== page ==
I, for one, never thought there could ever be a more sarcastic super hero than Spider-Man, but boy, was I mistaken. Tim Miller, in his directorial debut (although he was creative supervisor on “Scott Pilgrim vs. the World”) finally finishes up, Deadpool, a concept nearly eight years in the can. Deadpool, a character created by Rob Liefeld and Fabian Nicieza in 1991 as part of the “X-Men”/“X-Force” universe, was a special forces soldier who is diagnosed with terminal cancer and then saved by a truly mad scientist, Ajax. He is so jaded and decidedly acerbic that he makes Bill Murray in “Scrooged” seem like Dr. Ben Carson (shameless current event plug most intended).
This R-rated superhero film (joining the ranks of 2004’s “Blade: Trinity,” 2008’s “Punisher: War Zone” and 2009’s “Watchmen”) starring Ryan Reynolds (“Mississippi Grind”), T.J. Miller (“Transformers: Age of Extinction”), Ed Skrein (so terrible in “The Transporter Refueled”), Morena Baccarin (“Gotham” and “Homeland” TV series) and Brianna Hildebrand (“First Girl I Loved”), among others, is unabashedly violent, delightfully obscene and gleefully sardonic with enough gore to please Sam Peckinpah and give Quentin Tarantino an orgasm. The fun begins with the opening credit roll, which reads “Writers: The Real Heroes Here; Producers: Asshats; and Directed By; Some Overpaid Tool.” After that, the entire enterprise — full of torture, blood, death and one-liners — reminds one of a feature film by the creators of “Honest Trailers.”
Here, we meet Deadpool/Wade Wilson (Reynolds) who destroys and dismembers the bad guys with seemingly effortless effort, but meets his match against his “X-Men” friends, Colossus (voice of Stefan Kapicic, “Big Miracle”) and Negasonic Teenage Warhead (Hildebrand), who unwittingly allow the target of his revenge to escape. This is followed with one of many of his asides to the audience explaining the backstory: Wade leads a life of small-time mercenarism (is that actually a word?!) frightening lowlife stalkers and hanging out with his only friend, the bartender (stand-up comedian Miller) at a cheap dive.
Later, he meets exotic dancer (i.e., stripper) Vanessa (Baccarin), who falls in love with the big lug. Unfortunately, as previously mentioned, Wade becomes a cancer victim and resigns himself to an early demise. He then meets a creepy recruiter (Jed Rees, “Funeral Day,” but better known as one of the mentally-challenged athletes in “The Ringer”) who promises his affliction will be cured. That’s where we meet Francis/Ajax (Skrein), who, along with sidekick Angel Dust (Gina Carano, “Fast & Furious 6”), informs Wade that he is a pawn in a much larger game and then taunts and tortures his victim until he becomes a self-made mutant (remember, this character does have “X-Men” roots) and a nearly immortal super (sarcastic) hero.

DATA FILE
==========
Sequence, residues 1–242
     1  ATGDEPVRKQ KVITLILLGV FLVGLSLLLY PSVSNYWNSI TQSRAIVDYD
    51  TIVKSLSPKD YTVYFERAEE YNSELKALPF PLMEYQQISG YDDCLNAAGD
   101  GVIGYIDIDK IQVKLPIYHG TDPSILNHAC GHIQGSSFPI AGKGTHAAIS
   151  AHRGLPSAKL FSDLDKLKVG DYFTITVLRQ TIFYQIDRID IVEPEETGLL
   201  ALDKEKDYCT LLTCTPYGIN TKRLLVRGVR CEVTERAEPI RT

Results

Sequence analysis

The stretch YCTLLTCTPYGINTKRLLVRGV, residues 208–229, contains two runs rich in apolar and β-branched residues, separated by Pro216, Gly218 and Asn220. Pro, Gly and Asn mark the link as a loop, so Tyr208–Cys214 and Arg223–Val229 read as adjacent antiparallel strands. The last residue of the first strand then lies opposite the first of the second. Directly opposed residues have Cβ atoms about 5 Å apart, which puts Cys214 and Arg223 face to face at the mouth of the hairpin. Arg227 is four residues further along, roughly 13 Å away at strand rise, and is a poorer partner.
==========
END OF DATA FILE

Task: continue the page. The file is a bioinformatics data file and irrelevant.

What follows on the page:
After escaping from this Hell, he consults with his barkeep bud, but cannot show his face (which has suffered under his ordeal until he looks like John Malkovich after a good beating) to Vanessa. That’s okay, however, because she is soon kidnapped by the baddies and taken aboard some kind of dilapidated aircraft carrier. With his “X-Men” sidekicks, Deadpool does his best to save the day, as well as his squeeze and the film franchise for separate sequels or inclusion in other group character features.
Deadpool brings the character to life in a way that amounts to a shot of adrenaline to a genre that has been set on cruise control, (which 20th Century Fox is partially to blame for with what they’ve done with “Fantastic Four” and the “X-Men” franchise). Hell, they very nearly destroyed the Deadpool character before he even had a chance to begin when he was unceremoniously dropped into “X-Men Origins: Wolverine.” However, through the tenacity of Reynolds, and a timely leak of test footage, fans of the character have finally gotten their anti-hero in all his glory. A glory made all the better by Reynolds who is spot-on perfect as the disillusioned and bitter hero. There is no doubt this role was written specifically with him in mind. This role with its off-the-cuff one-liners, meta observations and physicality may represent Reynolds’ best comedic/action/drama/thriller outing to date.
Others who stand out are Skrein as the villain who feels no pain, and Miller, as the friend of the hero who causes plenty with some groaning jokes, which sometimes miss by a mile. Fear not, though, because there are so many quick puns (from comments on the current bloody battles in the movie to roasting other films in the comic book galaxy — including a few well-timed zingers regarding Reynolds’ own disastrous “Green Lantern” experience). And, as usual, there is the always-anticipated cameo by Stan Lee (who ironically had nothing to do with this character), probably one of the best he’s ever been in. It all adds up to violently entertaining movie that stands to (and rightfully so) break February box office records.